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Why you want revenge—and why you shouldn’t get it

“When a person wrongs you, it’s more like they’re self-interested to the point of ignoring your well-being, even if that means specifically victimizing you to get something they want.”

Ed Latimore
Ed Latimore
Writer, retired boxer, self-improvement enthusiast

Retaliatory aggression is often a mood enhancement to ameliorate the pain of rejection. Rejected people harness the power of revenge to make themselves feel better.

When students were given the chance to stick pins in a voodoo doll representing the grader who told them that their work was terrible, they felt a boost in mood greater than the boost in their mood than those who did not get a chance to retaliate. (Read more about it here)

We want to strike back because it makes us feel better.

The good feelings we receive cancel out the sting of the bad feeling. The worse you feel, the more you want revenge and the more severe you want it to be. This makes sense.

After all, you might want to flip the person off who cut you in traffic, but that response will feel insufficient for someone who attacked your spouse.

Evolutionary psychologists that that a primal inclination for vengeance is ingrained within us. Without laws and jails, our ancestors depended on the prospect of reprisal to maintain harmony and address acts of unfairness.

Incentives are powerful. In theory, an eye for an eye makes everyone blind, but in reality, it makes everyone act right because no one wants to lose those their eyesight.

The Long Game

However, revenge seems to make us feel worse in the long run.

In a study, participants played a game where they’d all receive the same amount of money if they cooperated unless one person double-crossed them. In that case, that person would get more, and everyone else would get less.

Double-crossed players got a chance to retaliate, and when they did, they initially felt great—but later felt worse than at the start of the experiment. Seeking revenge makes the event seem larger in our minds than it is, which gives it more power over our mood. (Read more about it here)

This reminds me of an ad hoc definition of trauma I learned, where it’s like you experience the event every time you think of it as if it had *just* occurred. Perhaps memory is the key to dealing with trauma and helping us forgive, for when we think about something intensely, and reinforce the wrong done to us. That makes it difficult to let it go.

I won’t use the word “forgiveness” because that requires a lengthy explanation to prevent people from thinking I’m advocating for lawlessness. Instead, here is a quick way to help you stop being held hostage by how you feel about something in the past that you can’t do anything about.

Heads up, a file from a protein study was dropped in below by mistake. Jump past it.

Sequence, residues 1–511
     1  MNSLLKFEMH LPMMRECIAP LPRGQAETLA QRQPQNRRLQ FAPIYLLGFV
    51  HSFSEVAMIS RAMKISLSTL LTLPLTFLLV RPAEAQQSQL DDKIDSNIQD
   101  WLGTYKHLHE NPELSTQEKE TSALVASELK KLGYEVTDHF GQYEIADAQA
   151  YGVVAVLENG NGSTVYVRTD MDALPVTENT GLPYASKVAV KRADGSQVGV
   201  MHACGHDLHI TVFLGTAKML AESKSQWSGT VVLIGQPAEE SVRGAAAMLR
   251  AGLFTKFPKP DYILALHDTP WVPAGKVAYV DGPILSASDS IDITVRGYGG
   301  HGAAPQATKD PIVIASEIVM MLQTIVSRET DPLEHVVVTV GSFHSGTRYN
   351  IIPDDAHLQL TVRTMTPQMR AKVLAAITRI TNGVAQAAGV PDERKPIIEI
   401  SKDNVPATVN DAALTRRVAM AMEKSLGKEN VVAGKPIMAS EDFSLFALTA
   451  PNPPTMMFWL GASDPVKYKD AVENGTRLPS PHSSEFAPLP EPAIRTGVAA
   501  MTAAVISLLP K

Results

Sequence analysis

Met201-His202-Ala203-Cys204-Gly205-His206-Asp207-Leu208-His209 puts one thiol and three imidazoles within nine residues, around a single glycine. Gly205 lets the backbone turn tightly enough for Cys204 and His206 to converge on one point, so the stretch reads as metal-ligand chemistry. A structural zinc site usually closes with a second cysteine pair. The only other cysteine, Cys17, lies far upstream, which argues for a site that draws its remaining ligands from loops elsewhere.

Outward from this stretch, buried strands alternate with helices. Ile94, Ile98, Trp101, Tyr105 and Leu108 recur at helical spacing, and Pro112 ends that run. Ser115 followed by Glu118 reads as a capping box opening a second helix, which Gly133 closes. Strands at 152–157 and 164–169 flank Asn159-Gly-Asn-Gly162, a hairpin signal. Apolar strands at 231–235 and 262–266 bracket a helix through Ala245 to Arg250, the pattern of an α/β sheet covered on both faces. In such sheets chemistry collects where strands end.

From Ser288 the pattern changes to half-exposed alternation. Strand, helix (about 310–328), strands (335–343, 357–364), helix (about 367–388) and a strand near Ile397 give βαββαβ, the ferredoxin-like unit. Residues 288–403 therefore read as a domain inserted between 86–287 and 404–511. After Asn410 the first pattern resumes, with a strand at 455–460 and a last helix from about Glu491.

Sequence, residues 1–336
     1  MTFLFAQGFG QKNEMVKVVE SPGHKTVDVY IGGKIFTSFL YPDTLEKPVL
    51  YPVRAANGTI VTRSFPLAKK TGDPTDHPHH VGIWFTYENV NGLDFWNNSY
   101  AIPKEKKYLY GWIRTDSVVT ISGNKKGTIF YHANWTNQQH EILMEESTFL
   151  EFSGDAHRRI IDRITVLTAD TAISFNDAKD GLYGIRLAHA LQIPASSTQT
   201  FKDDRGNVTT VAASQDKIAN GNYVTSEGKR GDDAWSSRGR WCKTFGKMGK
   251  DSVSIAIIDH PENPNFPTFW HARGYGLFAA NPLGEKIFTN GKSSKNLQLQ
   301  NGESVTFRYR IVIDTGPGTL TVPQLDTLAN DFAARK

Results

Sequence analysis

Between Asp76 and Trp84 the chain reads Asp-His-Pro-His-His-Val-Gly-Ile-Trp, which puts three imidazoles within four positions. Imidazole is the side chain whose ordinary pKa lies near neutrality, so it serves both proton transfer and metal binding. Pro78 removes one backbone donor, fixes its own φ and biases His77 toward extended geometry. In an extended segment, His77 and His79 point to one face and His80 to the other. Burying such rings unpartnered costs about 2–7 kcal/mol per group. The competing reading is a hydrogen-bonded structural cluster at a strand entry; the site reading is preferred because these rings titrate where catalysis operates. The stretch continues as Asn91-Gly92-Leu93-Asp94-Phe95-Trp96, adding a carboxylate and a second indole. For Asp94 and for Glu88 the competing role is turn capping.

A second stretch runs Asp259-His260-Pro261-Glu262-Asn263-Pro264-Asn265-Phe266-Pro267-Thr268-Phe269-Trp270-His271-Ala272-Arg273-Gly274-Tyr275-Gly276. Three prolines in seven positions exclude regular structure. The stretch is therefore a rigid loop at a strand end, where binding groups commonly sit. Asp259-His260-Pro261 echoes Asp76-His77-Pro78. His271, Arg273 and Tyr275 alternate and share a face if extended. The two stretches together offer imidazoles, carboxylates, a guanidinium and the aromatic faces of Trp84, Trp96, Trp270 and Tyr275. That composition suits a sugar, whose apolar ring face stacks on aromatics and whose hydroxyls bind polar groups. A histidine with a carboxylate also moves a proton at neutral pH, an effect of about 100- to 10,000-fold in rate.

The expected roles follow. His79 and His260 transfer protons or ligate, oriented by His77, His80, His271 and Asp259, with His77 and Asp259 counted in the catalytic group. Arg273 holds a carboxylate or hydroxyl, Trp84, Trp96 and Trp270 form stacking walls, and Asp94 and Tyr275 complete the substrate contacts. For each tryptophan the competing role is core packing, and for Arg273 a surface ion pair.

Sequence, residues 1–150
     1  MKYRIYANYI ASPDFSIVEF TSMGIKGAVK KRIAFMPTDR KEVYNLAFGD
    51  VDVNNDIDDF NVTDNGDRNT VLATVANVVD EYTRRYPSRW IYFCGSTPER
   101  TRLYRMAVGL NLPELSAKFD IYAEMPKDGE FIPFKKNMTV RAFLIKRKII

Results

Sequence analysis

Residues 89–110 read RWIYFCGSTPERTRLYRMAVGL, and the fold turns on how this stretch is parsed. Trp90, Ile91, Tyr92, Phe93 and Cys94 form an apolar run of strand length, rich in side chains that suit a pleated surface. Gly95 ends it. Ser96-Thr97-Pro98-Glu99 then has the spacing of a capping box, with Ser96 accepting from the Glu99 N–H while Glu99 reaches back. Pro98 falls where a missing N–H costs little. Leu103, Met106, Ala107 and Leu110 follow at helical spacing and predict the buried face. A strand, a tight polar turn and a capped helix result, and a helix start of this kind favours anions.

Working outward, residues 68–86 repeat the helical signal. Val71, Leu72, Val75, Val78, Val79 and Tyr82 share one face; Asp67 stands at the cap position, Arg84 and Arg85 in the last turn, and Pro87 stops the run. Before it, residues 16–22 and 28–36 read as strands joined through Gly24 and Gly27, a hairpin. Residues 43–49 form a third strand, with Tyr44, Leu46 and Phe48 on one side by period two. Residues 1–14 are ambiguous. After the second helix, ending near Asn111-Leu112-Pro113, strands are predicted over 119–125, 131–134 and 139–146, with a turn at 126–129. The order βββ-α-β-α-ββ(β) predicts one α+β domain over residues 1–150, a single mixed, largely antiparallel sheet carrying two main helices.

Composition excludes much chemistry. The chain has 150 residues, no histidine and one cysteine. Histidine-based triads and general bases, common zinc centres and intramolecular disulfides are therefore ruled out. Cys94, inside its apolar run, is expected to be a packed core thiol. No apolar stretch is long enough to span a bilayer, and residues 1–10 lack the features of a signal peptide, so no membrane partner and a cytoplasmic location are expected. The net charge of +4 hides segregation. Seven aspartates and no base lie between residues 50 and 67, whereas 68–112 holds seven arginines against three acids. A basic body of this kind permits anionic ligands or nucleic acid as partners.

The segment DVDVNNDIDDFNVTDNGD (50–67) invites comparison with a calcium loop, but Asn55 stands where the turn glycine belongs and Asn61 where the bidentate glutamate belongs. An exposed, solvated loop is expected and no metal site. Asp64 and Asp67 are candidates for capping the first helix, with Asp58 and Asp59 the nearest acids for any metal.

This isn’t therapy. This isn’t a cure. This isn’t a replacement for justice. It’s just a technique I’ve used to stop feeling so much anguish towards the people from childhood who hurt me.

The collateral damage of life

The universe doesn’t care about you, and no one is coming to save you.

That’s not harsh. You are an insignificant spec of dust in the vastness of the universe. Our planet is an insignificant spec of dust. When we’re in the path of an asteroid again, that’s it.

The universe didn’t pick Earth. Earth was just part of the eternal cycle of destruction and rebirth.

As a child, some adults may save you. Your parents certainly should. But once you become an adult, the world is on you to navigate. People are caught up in their own issues, and unless you specifically are part of that agenda, they don’t even know you exist.

Take those two ideas as the basis of reality. These are hard to disagree with. Now, take these ideas and apply them to people. When a person wrongs you, it’s more like they’re self-interested to the point of ignoring your well-being, even if that means specifically victimizing you to get something they want.

If it weren’t you, it would have been someone else.

Part of living in the universe is that bad stuff happens. Some of that bad stuff will happen to you. The hardest part is to realize that this isn’t personal.

Once you can accept that, then you see that some people have issues, and you happen to be in the path of them expressing those issues.

I’m not telling you to forgive or even to let it go. But you’ll find yourself a lot less angry (and oddly, a bit more empathetic and understanding) if realize that none of the tragedy you suffered was personal.

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I’m a former heavyweight pro-boxer (13-1-1) and alcoholic (Sobriety date 12/23/13), current writer, and aspiring chess master. I was raised in the projects by a single mom and failed high school, but I eventually earned a bachelor’s degree in Physics.

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Ed Latimore
About the author

Ed Latimore

I’m a writer, competitive chess player, Army veteran, physicist, and former professional heavyweight boxer. My work focuses on self-development, realizing your potential, and sobriety—speaking from personal experience, having overcome both poverty and addiction.

Follow me on Twitter.

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